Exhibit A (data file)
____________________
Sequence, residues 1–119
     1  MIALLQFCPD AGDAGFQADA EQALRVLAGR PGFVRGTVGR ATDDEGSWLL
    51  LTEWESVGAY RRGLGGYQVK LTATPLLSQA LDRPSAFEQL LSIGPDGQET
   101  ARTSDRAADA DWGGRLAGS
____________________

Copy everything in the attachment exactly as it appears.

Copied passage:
Sequence, residues 1–119
     1  MIALLQFCPD AGDAGFQADA EQALRVLAGR PGFVRGTVGR ATDDEGSWLL
    51  LTEWESVGAY RRGLGGYQVK LTATPLLSQA LDRPSAFEQL LSIGPDGQET
   101  ARTSDRAADA DWGGRLAGS